In his letter to the Ephesian church, the apostle Paul specifically addressed marriage. In Ephesus men typically viewed women as property, not as someone who should be loved and cherished. They often treated marriage as a business transaction for the sake of social appearances, thus they sought sexual gratification outside their marriage. While the cultural norms in Ephesus stood in stark contrast to God’s law, the apostle Paul never addressed them. Instead he simply told men to reflect on God’s great love for them as the motivation for their marriages.
Husbands, love your wives, just as Christ loved the church and gave Himself for her to make her holy, cleansing her with the washing of water by the word. (Eph. 5:25–26)
Paul essentially said, “Guys, let your hearts be melted by Christ’s pursuit of you. He loved you when you were cold to Him. He gave everything up to cleanse you. If you are having a difficult time loving and pursuing your spouse, come back to the gospel and repent. Love your spouse as Christ loved you. Serve your spouse as He served you.”
Often our first impulse is to give marital advice. Who knows? Maybe some of the Ephesians expected Paul to rattle some helpful marriage principles or recommend a conference—which can be good things. But he did neither. He simply reminded men and women of the gospel and showed them how the gospel impacts marriage. Quoting the book of Genesis, Paul showed that marriage is actually a beautiful reflection of the gospel:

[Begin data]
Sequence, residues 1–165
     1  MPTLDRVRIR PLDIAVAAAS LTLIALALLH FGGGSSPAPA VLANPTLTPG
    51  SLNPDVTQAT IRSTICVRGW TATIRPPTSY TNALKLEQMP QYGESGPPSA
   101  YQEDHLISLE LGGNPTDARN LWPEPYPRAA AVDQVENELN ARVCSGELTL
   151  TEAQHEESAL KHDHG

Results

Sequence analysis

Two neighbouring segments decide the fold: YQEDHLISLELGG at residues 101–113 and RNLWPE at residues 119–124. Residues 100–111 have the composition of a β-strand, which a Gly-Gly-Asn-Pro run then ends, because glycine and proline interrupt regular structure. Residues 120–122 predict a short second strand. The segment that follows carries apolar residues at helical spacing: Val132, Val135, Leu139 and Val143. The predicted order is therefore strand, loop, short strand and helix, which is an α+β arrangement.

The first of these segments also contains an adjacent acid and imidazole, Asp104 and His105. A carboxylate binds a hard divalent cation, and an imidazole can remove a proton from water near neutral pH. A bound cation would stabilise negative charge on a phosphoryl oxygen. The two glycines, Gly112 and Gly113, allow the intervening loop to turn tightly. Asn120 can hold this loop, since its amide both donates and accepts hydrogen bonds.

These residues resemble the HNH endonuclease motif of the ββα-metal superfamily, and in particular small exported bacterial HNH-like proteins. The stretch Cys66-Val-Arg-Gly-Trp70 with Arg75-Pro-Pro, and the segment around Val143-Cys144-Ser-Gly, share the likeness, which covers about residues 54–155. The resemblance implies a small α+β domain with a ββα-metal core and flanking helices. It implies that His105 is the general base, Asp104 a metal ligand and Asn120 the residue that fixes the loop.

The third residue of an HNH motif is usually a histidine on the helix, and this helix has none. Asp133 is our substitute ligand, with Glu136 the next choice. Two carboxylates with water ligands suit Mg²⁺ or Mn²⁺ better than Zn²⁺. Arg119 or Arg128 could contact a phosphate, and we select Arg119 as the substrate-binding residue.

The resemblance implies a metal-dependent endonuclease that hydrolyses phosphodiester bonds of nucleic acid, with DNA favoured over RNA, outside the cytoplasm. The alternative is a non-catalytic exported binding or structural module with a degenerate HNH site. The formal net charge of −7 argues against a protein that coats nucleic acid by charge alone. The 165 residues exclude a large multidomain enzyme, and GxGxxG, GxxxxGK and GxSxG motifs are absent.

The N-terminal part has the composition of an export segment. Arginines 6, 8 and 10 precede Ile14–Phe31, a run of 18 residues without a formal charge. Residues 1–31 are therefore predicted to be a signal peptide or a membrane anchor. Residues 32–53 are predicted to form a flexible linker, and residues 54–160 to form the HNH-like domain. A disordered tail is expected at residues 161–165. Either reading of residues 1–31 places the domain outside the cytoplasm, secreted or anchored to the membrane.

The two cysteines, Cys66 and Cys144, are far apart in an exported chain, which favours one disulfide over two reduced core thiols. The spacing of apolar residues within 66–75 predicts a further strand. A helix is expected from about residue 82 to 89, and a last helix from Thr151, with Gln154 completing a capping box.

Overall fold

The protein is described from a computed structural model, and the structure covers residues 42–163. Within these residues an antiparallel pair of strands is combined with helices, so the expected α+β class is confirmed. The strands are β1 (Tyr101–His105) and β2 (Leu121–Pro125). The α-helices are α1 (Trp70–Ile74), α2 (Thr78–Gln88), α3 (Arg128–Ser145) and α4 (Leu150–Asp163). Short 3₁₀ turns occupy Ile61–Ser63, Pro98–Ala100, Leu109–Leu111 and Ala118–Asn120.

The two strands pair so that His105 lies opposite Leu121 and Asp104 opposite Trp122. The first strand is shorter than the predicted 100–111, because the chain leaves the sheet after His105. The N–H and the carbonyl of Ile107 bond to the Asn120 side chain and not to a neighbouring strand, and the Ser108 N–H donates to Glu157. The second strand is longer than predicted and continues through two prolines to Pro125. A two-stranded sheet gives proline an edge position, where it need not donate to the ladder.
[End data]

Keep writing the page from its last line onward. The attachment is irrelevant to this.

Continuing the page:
For this reason a man will leave his father and mother and be joined to his wife, and the two will become one flesh. This mystery is profound, but I am talking about Christ and the church. (Eph. 5:31–32)
“Mystery” in the text does not mean something too deep or complex to understand, rather something that was hidden in the Old Testament that has now been revealed. Paul showed that under the Old Covenant the union between man and woman pointed to something more profound than the marriage itself, and what marriage pointed to was a mystery until Christ was revealed. Marriage is a metaphor and a shadow of the eternal marriage God has with His people.
A disciple’s marriage points to the ultimate marriage and therefore has profound significance. This is why God hates divorce so much. Divorce is a massive contradiction of the gospel and an inaccurate reflection on the eternal marriage between God and His people. He will never divorce His bride, will never forsake her, and will never cheat on her. Thus, as we prioritize the gospel in our lives and marriages, our relationship with God and our spouse will deepen.
Viewing discipleship through the lens of the gospel will also impact how church leaders challenge and encourage marriages. Church leaders will not rush to offer more marriage personality studies, events for couples, or facilitated date nights but will seek to ground couples in the gospel.
Adapted from Transformational Discipleship (B&H Publishing Group, 2012)